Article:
- Transition to occur Friday night, when US contract expires
- Countries such as China, Russia, Saudi Arabia, Iran likely to have more say in future
- Lawsuit filed in Texas to stop the independence of ICANN
The day is here. US government is set to cut its thread of internet oversight.
The Internet Corporation for Assigned Names and Numbers, or ICANN, has been overseen by the U.S. government since its founding in 1998, but the government contract ends this Friday and the plan is to let ICANN become independent.
The transition will occur at midnight Friday (0400 GMT Saturday), which is when the US contract expires for the Internet Corporation for Assigned Names and Numbers, which manages the internet’s so-called “root zone.”
When the agreement with the US Commerce Department runs out, ICANN will become a self-regulating non-profit international entity managing the Internet Assigned Numbers Authority, the system for online “domains” such as .com.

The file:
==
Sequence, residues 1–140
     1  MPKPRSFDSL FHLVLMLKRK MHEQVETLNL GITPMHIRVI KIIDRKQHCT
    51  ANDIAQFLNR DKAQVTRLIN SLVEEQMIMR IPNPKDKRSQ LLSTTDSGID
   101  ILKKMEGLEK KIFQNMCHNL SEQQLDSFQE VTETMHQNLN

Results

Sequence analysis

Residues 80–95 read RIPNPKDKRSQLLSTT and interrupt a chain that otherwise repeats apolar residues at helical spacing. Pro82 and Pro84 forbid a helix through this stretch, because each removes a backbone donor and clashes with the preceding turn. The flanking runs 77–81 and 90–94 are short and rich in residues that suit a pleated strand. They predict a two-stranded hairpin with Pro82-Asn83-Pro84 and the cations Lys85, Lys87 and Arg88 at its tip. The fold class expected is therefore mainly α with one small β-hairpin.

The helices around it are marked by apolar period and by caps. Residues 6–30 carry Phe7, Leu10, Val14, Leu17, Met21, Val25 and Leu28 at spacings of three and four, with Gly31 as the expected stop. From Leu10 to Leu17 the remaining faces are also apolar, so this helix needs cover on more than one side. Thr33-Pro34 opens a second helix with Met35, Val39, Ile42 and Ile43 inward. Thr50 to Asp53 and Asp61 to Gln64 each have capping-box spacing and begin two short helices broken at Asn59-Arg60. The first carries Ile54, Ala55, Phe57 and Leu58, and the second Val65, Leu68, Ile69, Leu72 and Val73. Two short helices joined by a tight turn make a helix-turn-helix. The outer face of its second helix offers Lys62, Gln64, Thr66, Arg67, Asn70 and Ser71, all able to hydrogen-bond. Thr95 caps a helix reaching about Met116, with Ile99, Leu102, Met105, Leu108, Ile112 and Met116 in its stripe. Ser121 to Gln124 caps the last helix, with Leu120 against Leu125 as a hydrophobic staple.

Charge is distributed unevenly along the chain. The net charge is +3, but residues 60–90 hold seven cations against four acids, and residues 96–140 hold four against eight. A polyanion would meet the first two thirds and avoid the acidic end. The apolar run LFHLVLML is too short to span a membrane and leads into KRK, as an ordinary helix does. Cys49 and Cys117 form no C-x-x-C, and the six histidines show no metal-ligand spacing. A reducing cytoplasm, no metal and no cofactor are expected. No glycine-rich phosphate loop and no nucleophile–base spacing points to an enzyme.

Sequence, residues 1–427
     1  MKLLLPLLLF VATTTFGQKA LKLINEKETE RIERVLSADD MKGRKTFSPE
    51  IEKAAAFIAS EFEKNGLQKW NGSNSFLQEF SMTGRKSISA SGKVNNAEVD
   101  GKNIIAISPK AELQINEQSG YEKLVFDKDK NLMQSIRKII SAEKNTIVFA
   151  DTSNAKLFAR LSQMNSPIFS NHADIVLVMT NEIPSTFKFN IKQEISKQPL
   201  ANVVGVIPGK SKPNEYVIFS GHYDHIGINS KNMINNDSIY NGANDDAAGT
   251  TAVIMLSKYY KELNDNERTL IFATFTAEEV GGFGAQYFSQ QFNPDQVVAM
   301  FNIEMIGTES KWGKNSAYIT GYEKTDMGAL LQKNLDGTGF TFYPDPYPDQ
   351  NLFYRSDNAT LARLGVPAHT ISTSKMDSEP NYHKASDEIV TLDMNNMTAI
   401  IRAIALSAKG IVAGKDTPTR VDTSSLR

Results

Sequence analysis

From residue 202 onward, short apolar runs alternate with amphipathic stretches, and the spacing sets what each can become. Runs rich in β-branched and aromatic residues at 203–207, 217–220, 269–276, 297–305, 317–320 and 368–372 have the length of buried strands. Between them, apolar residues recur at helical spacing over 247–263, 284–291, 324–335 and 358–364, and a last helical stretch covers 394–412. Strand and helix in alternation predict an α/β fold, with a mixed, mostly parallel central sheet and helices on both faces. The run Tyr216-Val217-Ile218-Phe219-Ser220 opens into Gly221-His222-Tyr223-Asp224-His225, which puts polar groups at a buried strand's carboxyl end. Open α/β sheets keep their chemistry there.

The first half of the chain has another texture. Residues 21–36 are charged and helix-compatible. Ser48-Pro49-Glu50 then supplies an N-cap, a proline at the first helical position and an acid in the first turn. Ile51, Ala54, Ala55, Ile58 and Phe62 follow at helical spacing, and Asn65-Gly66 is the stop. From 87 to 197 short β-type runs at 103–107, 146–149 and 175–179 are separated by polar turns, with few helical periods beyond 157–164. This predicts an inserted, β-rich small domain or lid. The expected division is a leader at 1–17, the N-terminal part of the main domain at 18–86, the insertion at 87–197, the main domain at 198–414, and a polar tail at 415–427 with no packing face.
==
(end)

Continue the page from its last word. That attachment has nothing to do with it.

US and ICANN officials say the change is part of a longstanding plan to “privatize” those functions, but some critics complain about a “giveaway” that could threaten the internet’s integrity.
Christopher Mondini is ICANN’s vice president for global business engagement. According to him, the change will have no impact on day-to-day internet use.
Only time will tell whether the system will remain free from government regulation and interference.
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